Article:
Soon after the budget was announced on Thursday, members of the Muslim community welcomed the steps taken by the new government, but stated that, like its predecessors, it needed to focus more on the 96% of the population than the 3% that goes to Madrasas.
With the basic information available from the speech, members of the community stated that more schools and colleges are needed. "The advanced program for skill development is welcome. It will help a lot of people, but there should have been more emphasis on higher education which the community feels is needed," said Maulana Hakim Mehmood Dariyabadi, general secretary of the All India Ulema Council.
Dariyabadi's views were echoed by many others from the community who dna spoke to. "There are many who can take care of Madrasa education. I do not understand why all the governments are after Madrasas so much. Not more than 1-3% people go there," said Maulana Mustaqeem Azmi, general secretary of the Jamiat Ulema-i-Hind, Maharashtra.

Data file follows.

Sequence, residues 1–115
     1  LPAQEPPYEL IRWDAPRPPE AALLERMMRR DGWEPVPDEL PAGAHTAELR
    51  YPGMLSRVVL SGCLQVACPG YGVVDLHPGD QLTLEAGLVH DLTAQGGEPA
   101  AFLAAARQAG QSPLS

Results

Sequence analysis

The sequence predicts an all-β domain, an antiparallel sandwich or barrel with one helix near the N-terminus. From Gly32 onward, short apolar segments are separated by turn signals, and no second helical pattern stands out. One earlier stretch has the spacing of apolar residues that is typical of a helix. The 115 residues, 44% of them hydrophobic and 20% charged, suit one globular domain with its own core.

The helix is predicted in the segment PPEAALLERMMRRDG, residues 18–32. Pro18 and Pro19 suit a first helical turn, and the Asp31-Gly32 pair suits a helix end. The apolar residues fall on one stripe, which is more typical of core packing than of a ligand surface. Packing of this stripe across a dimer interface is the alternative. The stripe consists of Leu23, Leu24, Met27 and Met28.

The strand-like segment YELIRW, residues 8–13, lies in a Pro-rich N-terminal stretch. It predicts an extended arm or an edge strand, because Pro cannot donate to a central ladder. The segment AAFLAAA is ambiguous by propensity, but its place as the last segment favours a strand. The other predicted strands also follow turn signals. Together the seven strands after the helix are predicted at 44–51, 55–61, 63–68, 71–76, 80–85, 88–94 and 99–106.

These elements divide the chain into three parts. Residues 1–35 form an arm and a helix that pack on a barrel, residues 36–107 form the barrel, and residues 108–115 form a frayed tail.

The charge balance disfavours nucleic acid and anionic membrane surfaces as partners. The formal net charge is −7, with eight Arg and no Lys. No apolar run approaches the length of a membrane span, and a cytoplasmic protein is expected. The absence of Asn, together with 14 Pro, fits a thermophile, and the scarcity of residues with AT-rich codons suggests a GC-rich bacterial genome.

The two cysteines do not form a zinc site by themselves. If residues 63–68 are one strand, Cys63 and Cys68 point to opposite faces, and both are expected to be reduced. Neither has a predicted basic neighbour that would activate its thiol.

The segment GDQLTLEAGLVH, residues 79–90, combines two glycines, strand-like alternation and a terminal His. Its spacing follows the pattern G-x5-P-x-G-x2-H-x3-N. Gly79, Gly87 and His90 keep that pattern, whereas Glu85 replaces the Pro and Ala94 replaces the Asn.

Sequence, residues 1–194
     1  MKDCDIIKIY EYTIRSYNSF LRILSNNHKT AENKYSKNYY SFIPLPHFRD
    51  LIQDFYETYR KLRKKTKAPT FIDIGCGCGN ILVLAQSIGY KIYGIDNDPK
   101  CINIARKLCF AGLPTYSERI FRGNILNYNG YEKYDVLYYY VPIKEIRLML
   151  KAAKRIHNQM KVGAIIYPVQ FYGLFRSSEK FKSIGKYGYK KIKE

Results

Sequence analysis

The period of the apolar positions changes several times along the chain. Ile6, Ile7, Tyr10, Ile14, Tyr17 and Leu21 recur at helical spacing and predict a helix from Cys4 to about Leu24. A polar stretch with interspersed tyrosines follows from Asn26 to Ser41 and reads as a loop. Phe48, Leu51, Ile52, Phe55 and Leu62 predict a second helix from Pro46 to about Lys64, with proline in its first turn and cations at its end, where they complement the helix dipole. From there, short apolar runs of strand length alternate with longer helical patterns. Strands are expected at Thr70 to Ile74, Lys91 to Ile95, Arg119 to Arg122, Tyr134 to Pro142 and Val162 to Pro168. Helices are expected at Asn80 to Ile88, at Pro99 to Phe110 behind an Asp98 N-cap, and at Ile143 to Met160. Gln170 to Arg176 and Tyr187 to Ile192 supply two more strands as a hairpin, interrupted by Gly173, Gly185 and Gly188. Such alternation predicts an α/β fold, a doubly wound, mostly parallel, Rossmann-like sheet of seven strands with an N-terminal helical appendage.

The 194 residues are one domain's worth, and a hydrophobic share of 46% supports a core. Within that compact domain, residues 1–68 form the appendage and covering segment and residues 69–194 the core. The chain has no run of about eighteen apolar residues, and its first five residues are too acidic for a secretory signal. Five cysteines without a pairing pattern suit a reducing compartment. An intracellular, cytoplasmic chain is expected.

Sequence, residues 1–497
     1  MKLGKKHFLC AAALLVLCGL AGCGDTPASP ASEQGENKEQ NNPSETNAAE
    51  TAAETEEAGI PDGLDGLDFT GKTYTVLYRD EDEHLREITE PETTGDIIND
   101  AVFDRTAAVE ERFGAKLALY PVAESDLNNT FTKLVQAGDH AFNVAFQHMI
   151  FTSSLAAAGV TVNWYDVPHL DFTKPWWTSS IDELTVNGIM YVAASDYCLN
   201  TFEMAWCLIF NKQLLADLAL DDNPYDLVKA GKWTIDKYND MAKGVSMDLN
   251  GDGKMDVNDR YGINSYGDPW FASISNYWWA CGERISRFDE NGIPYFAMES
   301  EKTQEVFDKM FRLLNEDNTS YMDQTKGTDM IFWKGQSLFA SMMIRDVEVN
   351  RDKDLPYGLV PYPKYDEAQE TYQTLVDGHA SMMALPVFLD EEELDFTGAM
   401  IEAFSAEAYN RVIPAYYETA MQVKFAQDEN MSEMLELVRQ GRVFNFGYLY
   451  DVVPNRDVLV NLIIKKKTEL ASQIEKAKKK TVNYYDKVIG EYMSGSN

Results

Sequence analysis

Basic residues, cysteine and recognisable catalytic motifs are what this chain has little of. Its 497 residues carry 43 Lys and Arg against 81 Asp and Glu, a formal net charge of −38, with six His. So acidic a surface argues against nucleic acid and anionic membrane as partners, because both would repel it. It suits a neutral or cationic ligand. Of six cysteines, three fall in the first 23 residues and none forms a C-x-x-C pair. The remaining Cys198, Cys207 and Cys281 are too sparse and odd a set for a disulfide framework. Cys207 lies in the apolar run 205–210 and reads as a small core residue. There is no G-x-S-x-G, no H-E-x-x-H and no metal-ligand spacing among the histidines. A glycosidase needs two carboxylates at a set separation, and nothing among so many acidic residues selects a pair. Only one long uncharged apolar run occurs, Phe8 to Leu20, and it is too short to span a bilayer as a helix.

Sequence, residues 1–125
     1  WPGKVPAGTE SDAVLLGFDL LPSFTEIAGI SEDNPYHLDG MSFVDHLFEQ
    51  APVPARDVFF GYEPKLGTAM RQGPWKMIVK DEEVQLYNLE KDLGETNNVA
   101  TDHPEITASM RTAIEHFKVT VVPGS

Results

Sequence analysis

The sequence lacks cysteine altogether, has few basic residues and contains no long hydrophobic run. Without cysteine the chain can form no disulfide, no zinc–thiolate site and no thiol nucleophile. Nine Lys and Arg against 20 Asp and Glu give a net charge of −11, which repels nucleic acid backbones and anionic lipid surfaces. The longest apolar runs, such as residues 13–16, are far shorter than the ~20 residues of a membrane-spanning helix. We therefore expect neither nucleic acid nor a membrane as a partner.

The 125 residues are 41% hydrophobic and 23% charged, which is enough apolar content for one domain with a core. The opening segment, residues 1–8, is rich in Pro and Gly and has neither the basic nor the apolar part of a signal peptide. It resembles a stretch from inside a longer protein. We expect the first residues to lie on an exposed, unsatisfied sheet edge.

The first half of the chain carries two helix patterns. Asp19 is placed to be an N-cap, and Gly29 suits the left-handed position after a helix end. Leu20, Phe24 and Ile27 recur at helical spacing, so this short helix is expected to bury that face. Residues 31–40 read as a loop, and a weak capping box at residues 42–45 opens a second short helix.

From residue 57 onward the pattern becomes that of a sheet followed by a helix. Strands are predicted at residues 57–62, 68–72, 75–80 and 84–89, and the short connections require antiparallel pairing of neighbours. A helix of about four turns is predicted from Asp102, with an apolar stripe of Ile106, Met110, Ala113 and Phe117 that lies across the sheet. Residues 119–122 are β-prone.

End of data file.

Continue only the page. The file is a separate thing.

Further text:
He said that the government should look to provide schools in a 1 km radius of Muslim-dominated pockets, so that the poor can go there. "If government opens it, it will be better, else the state should give permissions from people within the community to do so," he added.
However, not all agreed that money was not required for Madrasas. "Schools and colleges should be opened in Muslim areas and with mixed population so that children learn from teachers and from each other," said Irfan Ali Engineer, director of Centre for Study of Society and Secularism.
Some others who are for educational institutions said that more information was needed, with respect to scholarship programs and other incentives that help the community. "It is a welcome step that there is a program for skill advancement and Madrasas, but I am yet to know what has actually happened with respect to various scholarship programs and the budget of minorities ministry. Before that, I will not be able to comment on the budget on the whole," said Dr. Zahir Kazi, president of Anjuman-I-Islam, an institute that runs several schools and colleges.